Workhorse Group Drops Postal Service Mail Truck Lawsuit

September 15, 2021 by Jerry Hirsch, @Jerryhirsch

The new chief executive of Workhorse Group Inc. ended litigation against the U.S. Postal Service over the awarding of a large contract for new mail trucks to Oshkosh Defense.

Rick Dauch, named chief executive by the electric vehicle company’s board of directors in August, said he thinks it is better to work with the federal government rather than to contest its decisions via litigation.

“Since I joined the company six weeks ago, we have been conducting a deep and intensive overview of all aspects of our business, including an examination of the history of our USPS bid and subsequent protest filing… We believe that the best way for us to work with any governmental agency is through cooperation, not through litigation. By withdrawing our protest, we can also better focus our time and resources on initiatives that we expect will be more productive for our company,” Dauch said in a Sept. 15 news release.

The Postal Service announced Oshkosh Defense as the winner of the competition to build the mail truck in February. Under the terms of the initial deal, Oshkosh, Wisc.,-based Oshkosh received a $482 million contract to complete the production design of its mail truck offering. The agreement also provides Oshkosh funds to pay for tooling and factory configuration needed before launching production. A series of contracts are expected to top $6 billion. Oshkosh said the first new trucks will go into operation in 2023.

Workhorse tried to reverse the decision arguing that the Postal Service should have picked its electric mail truck offering.  It filed a lawsuit in the U.S. Court of Federal Claims that called the agency’s award “arbitrary, capricious, and without rational basis.”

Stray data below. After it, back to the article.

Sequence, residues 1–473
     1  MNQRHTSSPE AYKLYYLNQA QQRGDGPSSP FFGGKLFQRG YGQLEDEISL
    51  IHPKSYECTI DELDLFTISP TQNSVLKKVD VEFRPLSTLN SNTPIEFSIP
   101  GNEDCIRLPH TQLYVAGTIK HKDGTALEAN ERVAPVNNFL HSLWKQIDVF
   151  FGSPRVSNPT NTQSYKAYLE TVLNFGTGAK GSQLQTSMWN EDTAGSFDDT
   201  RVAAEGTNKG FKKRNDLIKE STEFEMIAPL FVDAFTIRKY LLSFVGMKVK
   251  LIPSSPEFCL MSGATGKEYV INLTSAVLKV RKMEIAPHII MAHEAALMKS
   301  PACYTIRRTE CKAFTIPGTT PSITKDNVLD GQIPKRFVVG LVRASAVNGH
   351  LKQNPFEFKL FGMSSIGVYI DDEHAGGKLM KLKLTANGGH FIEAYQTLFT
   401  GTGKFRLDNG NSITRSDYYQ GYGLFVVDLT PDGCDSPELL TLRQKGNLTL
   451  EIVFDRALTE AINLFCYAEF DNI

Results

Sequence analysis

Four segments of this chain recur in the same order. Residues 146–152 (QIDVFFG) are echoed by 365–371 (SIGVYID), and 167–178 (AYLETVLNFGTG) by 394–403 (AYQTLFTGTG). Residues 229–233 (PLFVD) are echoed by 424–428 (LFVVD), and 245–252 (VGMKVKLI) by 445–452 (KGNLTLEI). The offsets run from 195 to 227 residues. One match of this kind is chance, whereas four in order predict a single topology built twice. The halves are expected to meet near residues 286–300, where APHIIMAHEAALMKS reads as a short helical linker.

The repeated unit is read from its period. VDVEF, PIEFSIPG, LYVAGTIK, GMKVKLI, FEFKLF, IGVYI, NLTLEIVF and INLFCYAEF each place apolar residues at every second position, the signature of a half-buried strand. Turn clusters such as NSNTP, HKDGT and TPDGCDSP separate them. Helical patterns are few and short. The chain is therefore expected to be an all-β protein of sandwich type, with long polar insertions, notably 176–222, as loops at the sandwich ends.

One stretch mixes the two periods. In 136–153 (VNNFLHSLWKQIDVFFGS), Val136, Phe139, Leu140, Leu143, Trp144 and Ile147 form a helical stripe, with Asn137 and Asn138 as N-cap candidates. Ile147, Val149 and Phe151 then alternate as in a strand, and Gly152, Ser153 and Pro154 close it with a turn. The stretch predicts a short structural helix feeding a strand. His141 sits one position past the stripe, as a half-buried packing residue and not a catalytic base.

The post office wants to replace a fleet of about 140,000 Grumman Long Life Vehicles that it uses for its main delivery service. Manufactured from 1987 through 1994, they need to be replaced. A 2014 audit from the USPS inspector’s office found that the current fleet could only meet the agency’s delivery needs through the 2017 fiscal year. They are also prone to fires, with several hundred burning up in recent years.

Workhorse’s proposal would have provided a fleet of electric vehicles. Although the Postal Service has considered using electric vehicles for its new fleet, just 10 percent of the vehicles in the Oshkosh contract would be electric, Postmaster General Louis DeJoy said at a Congressional hearing earlier this year. That percentage would allow the agency to test the technology and limit the cost of installing chargers at postal facilities.

In a recent interview with Trucks.com, Dauch said he wants to refocus the Loveland, Ohio, company on the commercial vehicle market, where there is the most potential for sales.

“We basically have to take what historically has been technology startup prototype company and turn it into a real operating company with real production, real customers, real customer service and a dealer network. It’s a big transition for a company that builds one-off prototypes,” he said.

Dauch said he believes there’s still plenty of opportunities to sell electric vehicles to agencies like the Postal Service.

“These opportunities include several commercial industry markets as well as a broad array of initiatives designed to modernize and electrify government-funded and owned vehicle fleets across the country at the federal, state and city level,” Dauch said.

Dauch said the company’s most pressing issue is a redesign of its electric C1000 truck to carry heavier loads.

“I can sell a truck carrying between 3,000 and 4,000 pounds. But when you talk to companies like UPS, they want trucks for 7,000 to 8,000 pounds,” Dauch said.

He is working with the Workhorse sales team to identify the best customers, such as bakeries and packaged food companies, for the existing lighter capacity C1000. At the same time, the company’s engineers are reworking the truck’s chassis and design to carry heavier loads to have a vehicle that addresses a much larger market.

Jerry Hirsch June 23, 2021
While there are encouraging developments at electric pickup truck startup Lordstown Motors, Wall Street is still flying the caution flag for the stock.

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